As you read each of the names in the following list, let an image come to your mind.

Mr. Darcy. Bond. Holmes. Thor. Loki. Batman. Superman. Gomez Addams. Jamie Fraser.

Some of these characters have been portrayed in movies or TV shows by more than one actor. Some have only been on screen once, but have been read by millions. And many readers are annoyed when their favorite characters are cast for film. They have a vision of this character, and they don’t want anyone else’s ideas.

When Jane Austen introduces Mr. Darcy, she gives very general information: [He] soon drew the attention of the room by his fine, tall person, handsome features, noble mien; and the report which was in general circulation within five minutes after his entrance, of his having ten thousand a year. The gentlemen pronounced him to be a fine figure of a man, the ladies declared he was much handsomer than Mr. Bingley, and he was looked at with great admiration for about half the evening, till his manners gave a disgust which turned the tide of his popularity; for he was discovered to be proud, to be above his company, and above being pleased; and not all his large estate in Derbyshire could then save him from having a most forbidding, disagreeable countenance, and being unworthy to be compared with his friend.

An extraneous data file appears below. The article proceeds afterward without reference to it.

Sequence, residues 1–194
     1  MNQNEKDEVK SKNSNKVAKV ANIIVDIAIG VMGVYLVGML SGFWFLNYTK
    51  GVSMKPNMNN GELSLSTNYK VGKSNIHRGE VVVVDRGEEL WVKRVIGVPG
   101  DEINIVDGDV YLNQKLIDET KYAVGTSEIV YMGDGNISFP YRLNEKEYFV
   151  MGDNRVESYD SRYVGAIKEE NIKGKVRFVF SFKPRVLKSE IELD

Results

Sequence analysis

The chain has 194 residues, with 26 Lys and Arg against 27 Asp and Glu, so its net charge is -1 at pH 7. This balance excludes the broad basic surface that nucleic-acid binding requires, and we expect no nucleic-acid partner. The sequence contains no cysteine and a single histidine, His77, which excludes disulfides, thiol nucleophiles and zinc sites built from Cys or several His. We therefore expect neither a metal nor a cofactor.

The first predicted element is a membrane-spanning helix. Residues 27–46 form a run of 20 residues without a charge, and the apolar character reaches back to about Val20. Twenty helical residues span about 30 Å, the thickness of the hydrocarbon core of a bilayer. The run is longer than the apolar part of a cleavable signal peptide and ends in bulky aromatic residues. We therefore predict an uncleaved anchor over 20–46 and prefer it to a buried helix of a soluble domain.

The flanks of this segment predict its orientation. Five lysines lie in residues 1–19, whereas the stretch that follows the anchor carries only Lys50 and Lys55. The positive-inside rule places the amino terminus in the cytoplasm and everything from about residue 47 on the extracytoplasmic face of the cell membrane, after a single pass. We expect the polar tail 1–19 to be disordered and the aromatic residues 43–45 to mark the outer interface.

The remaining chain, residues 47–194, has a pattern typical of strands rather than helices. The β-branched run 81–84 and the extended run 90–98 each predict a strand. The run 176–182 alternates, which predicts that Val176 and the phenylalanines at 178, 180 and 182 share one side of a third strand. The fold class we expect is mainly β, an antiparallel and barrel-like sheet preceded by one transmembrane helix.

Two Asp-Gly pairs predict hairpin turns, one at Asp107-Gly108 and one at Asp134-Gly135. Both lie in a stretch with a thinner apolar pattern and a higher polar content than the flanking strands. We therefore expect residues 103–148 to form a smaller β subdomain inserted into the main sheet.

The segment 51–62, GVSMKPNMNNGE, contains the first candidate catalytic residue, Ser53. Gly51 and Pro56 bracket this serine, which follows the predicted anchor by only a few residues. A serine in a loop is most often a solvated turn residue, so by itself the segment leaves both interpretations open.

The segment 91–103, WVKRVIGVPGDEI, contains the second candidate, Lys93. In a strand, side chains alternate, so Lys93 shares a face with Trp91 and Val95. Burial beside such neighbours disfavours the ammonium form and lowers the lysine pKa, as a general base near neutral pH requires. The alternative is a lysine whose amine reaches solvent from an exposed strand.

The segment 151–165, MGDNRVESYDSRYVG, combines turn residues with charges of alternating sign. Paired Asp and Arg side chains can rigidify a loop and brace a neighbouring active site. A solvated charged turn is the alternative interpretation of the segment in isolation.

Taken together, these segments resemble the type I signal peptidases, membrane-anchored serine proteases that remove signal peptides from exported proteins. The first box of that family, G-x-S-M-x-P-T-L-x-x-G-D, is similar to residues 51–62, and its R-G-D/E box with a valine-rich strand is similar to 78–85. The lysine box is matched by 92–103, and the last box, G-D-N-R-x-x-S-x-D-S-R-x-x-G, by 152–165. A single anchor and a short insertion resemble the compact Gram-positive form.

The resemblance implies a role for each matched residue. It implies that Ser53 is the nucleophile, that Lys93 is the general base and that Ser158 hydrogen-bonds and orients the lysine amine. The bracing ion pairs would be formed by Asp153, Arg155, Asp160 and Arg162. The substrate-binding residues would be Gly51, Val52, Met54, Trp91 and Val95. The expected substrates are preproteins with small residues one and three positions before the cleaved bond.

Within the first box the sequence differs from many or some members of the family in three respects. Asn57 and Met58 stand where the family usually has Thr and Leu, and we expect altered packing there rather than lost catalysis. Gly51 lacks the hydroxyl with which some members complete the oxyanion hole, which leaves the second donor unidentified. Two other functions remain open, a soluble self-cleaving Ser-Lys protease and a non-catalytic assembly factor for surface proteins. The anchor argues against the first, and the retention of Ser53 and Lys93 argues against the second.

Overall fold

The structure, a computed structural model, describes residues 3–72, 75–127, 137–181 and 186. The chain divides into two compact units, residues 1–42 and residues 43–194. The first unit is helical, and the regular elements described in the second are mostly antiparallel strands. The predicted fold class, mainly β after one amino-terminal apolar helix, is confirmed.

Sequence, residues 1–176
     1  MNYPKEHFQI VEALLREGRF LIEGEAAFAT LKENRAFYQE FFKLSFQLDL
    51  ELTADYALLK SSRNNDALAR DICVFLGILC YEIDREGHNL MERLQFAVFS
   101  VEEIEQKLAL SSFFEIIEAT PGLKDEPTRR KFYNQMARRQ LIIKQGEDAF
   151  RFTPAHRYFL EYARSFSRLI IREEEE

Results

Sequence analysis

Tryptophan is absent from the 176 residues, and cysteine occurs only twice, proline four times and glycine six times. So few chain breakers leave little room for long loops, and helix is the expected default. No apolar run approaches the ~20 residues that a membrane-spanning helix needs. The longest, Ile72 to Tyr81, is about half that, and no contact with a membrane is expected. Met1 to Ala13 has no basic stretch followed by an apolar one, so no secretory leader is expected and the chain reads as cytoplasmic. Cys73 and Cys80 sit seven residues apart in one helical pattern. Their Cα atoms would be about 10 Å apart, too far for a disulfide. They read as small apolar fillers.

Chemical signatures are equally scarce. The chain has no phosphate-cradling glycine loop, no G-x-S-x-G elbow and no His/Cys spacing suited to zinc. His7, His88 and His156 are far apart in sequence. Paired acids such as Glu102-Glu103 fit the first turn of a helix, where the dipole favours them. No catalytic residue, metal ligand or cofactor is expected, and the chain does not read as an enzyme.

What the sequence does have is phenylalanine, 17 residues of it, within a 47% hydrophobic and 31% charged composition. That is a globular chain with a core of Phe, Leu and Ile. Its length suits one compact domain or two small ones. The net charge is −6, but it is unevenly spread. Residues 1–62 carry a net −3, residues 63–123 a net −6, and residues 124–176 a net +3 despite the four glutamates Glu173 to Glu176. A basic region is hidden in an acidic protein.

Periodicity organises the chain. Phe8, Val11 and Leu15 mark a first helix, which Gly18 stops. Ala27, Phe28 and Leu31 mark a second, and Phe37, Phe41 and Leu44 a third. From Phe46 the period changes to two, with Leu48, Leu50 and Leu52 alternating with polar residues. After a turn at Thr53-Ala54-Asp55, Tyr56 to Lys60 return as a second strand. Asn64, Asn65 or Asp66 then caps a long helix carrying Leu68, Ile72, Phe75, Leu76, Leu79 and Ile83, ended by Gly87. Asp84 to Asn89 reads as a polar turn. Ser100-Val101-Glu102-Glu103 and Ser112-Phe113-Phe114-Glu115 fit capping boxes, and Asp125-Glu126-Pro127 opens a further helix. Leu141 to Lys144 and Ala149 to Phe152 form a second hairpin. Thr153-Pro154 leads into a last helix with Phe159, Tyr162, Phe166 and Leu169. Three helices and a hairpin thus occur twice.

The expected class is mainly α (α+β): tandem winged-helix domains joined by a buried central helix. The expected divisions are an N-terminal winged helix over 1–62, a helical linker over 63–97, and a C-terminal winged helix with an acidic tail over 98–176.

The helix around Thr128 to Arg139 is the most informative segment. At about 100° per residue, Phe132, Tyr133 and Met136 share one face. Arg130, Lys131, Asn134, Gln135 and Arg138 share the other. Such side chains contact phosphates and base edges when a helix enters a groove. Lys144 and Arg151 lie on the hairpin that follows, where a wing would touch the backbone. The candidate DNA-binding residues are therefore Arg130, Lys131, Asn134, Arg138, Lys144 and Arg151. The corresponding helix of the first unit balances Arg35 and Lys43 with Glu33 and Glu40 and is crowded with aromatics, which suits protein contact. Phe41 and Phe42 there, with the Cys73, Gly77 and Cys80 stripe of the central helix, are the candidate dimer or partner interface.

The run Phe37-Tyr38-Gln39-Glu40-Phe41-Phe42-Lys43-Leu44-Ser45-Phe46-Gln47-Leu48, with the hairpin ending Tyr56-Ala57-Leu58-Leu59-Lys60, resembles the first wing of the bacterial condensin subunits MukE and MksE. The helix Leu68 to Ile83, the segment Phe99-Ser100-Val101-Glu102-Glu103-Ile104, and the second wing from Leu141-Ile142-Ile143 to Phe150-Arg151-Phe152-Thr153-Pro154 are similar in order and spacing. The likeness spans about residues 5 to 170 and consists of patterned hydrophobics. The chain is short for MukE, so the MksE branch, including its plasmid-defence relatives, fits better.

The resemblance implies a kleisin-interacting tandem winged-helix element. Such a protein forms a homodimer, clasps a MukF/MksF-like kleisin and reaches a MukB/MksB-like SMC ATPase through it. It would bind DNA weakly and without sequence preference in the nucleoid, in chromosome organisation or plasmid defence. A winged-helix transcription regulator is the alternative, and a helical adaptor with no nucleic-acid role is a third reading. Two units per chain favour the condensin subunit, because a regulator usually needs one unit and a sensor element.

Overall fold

There’s little to go on, no hair color, no eye color or shape, not even a sensuous mouth to fix on. This is the conundrum faced by Romance authors. A certain portion of the readers want to imagine their own heros. They aren’t attracted to blond men, so don’t want to know if he has Thor-like tresses. They abhor beards on men, so must have a clean-shaven image.

But another group of readers who must know exactly what the author had in mind when writing the hero and heroine. Frustration abounds when critics say add more description, the writer adds it, then critics say too much detail. This whole writing thing would be vastly improved if the pictures in the author’s brain could be forced into the readers’ brains.

My “classic” Regency Romance, The Viscount’s Mouse, with any luck will be self published in the first part of 2015. Miles, my hero, in my head looks exactly like Brad Pitt. But I can’t say that anywhere, except here and later in the blogs about the book. If someone buys the book and doesn’t read any of the blogs, then they are going to picture their own favorite blond eye candy. And Cassie is anyone’s guess, I don’t really have a set image for her. That might change as we go on. It’s so hard to find photos of plain women. I did find an excellent Ms. Farnham, but no Cassie yet.

I’d love to hear from you on who you picture for any of the characters mentioned above. I’d also love for you to subscribe to my newsletter that is just getting started! Click here to be added to the group.
http://mad.ly/signups/126177/join I’ll be back on Thursday.

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